There were 12 products surveyed repeatedly in 2015 (31.5±0.9) and 2017 (31.3±1.0 mg/100 mL) displaying the high caffeine warning label. The caffeine content of these products stayed the same, apart from one product, where the caffeine content was reduced, from 32 mg to 30 mg.

Note that these averages are slightly different from those when all products were included in each year, and this trend analysis reflects reductions made in the same products rather than the overall products available, giving a better reflection of reformulation, for a full list of products refer to online supplementary file.

Supplementary file 1

Discussion

These cross-sectional surveys have documented the levels of sugar, energy and caffeine in energy drinks in the UK between 2015 and 2017, a topic which has not been previously documented for easy access by researchers and policy-makers. It will allow for evaluation of trends in the energy drinks market in the future.

The surveys have shown early changes in the energy drinks market. Formulations (per 100 mL) and number of products (per serving) have fallen between 2015 and 2017. This may be due to the pressure on the soft drinks industry to reduce sugary drinks offerings.42 Furthermore, the energy drinks surveyed showed a small but statistically significant reduction in sugar content; this is likely due to the 12 products which have reduced sugar content between 2015 and 2017, probably as a result of reformulation due to the impending SDIL.35 Manufacturers of the reduced products have either only reduced sugar or have alternatively reduced sugar and replaced it with non-caloric sweeteners without changing the product name, for example, by calling the product ‘light’ and so on. Given the volume consumed,22 even small reductions in sugar content of energy drinks would have a significant impact on sugar and energy intake among regular consumers of energy drinks.43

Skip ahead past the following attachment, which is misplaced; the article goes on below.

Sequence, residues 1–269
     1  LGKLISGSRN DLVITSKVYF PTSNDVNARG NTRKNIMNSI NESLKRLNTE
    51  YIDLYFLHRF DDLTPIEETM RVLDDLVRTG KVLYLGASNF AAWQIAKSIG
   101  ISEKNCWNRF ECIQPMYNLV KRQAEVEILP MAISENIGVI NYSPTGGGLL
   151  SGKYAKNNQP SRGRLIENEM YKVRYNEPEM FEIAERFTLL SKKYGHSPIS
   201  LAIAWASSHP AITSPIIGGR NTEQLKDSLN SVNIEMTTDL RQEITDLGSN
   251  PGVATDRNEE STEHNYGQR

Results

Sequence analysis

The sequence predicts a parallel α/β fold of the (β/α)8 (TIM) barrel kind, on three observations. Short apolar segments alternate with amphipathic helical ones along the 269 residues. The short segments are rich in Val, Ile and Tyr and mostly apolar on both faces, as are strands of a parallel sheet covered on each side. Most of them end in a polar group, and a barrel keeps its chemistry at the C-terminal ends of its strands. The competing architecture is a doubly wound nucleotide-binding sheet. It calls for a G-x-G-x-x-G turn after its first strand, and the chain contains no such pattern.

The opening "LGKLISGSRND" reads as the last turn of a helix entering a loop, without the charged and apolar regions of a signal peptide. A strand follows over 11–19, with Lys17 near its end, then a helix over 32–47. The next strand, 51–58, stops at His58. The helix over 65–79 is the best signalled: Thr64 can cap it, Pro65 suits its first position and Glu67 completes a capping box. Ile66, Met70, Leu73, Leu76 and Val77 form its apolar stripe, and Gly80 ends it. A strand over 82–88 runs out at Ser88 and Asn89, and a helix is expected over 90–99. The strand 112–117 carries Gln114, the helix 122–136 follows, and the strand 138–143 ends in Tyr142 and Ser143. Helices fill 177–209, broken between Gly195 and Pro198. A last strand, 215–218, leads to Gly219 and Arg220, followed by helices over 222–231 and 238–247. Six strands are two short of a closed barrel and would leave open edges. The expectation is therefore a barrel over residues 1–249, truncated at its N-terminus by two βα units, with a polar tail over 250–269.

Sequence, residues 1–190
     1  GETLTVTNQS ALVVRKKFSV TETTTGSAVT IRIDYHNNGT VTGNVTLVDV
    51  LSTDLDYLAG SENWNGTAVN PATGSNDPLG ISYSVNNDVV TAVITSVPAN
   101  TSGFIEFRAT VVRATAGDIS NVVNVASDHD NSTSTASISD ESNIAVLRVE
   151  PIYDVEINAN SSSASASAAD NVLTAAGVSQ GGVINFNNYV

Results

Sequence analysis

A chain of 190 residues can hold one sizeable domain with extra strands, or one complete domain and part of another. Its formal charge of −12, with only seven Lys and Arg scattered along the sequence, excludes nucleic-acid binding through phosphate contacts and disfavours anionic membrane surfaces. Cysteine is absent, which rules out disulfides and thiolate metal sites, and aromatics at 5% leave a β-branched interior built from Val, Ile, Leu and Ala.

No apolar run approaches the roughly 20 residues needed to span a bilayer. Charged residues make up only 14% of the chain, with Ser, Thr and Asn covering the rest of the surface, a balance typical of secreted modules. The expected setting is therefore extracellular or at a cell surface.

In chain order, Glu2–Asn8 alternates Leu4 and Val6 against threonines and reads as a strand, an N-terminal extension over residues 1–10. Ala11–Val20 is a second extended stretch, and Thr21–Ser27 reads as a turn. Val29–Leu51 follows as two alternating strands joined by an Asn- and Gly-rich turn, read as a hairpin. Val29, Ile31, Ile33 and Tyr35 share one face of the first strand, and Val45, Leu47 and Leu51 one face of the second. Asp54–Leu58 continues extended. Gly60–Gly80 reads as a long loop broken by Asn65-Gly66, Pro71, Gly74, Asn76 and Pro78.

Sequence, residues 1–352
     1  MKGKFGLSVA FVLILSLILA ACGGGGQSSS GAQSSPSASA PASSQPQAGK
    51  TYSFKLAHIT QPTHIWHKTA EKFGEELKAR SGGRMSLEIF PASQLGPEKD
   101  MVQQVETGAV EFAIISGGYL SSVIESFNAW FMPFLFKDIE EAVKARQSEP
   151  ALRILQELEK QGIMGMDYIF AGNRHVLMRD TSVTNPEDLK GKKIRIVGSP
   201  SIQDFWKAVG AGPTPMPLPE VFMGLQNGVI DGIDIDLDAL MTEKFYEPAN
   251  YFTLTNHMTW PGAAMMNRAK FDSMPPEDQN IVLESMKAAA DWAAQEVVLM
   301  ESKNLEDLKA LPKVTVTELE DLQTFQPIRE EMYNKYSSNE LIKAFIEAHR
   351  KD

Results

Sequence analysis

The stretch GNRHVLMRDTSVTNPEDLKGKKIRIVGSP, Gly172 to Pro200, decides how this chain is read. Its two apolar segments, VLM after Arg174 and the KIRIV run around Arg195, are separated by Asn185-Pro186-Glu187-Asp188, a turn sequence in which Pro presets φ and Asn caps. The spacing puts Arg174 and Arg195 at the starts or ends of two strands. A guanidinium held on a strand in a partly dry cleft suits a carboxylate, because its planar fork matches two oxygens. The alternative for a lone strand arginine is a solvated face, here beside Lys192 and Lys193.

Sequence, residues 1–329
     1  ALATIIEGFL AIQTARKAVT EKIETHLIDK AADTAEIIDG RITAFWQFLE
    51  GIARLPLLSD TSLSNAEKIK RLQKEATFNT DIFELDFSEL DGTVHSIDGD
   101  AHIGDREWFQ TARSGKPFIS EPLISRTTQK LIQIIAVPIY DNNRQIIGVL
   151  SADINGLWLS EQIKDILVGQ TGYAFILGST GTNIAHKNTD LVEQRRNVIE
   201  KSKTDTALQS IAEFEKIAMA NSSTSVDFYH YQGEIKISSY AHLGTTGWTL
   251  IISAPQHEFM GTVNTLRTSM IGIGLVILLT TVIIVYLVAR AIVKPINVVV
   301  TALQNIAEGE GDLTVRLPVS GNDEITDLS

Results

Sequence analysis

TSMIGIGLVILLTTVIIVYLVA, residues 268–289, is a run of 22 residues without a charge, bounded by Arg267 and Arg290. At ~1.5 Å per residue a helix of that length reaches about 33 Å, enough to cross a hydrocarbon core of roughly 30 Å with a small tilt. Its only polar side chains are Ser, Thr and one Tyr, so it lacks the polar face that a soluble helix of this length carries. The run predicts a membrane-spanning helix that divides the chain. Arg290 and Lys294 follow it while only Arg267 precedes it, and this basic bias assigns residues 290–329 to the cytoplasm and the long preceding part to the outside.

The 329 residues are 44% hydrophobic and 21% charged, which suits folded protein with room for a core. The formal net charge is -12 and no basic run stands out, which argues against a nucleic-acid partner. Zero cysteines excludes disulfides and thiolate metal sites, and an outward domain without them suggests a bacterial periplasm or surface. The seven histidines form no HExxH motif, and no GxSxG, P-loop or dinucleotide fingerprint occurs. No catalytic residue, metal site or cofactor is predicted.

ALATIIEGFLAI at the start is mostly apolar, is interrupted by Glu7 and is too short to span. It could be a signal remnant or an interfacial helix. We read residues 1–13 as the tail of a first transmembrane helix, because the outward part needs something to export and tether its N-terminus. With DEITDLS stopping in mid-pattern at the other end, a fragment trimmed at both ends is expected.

This survey suggests the early success of the impending SDIL. Even though the SDIL is yet to come in, manufacturers have started to reformulate their products in advance to avoid paying the levy. However, we are yet to see if the SDIL will have an impact on overall consumption of energy drinks by reducing sales.44 Other countries have imposed taxes on soft drinks, including energy drinks, and have seen reductions in sales.45 46

Despite this, sugar content remains at concerning levels, 95% would receive a ‘red’ (high) label for sugars per serving in 2017. There was also a large variation in sugar content between different energy drinks ranging from 2.1 to 16.0 g/100 mL, which suggests further reductions are possible.

As well as the concerns around the sugar and energy content of energy drinks, there are also concerns about caffeine levels, particularly in the products labelled as high caffeine. In 2017, average caffeine content in energy drinks was 124.3±39.3 mg/serving among the 43 products labelled, almost equivalent to two cups of coffee or four cans of cola.37 There is also some evidence to suggest that the caffeine content increases sugar-sweetened drinks consumption further and therefore sugar intake too.47 Since children and teenagers are the main consumers of energy drinks, manufacturers should consider reducing levels of caffeine—again through reformulation. The removal of caffeine also allows for the removal of 10.3% of sugar without affecting taste, which has the potential to reduce body weight of adults by 0.6 kg, without any change in sugar-sweetened drinks consumption.48

It important to note that not all manufacturers label the amount of caffeine on their energy drinks, and this is likely because their products do not exceed the cut-off for adding the warning label.37 Among the manufacturers that do, a warning is stated on the pack, acknowledging the potential danger these products can pose to children. However, these products can be easily purchased and consumed by children. Perhaps the UK should consider restrictions like other countries. In Lithuania, sales of energy drinks (containing at least 150 mg of caffeine per litre) are banned to under 18 years of age.49 A similar law applies in Sweden where sales of energy drinks are banned to children under 15 years of age and sales of some energy drinks are restricted to pharmacies.26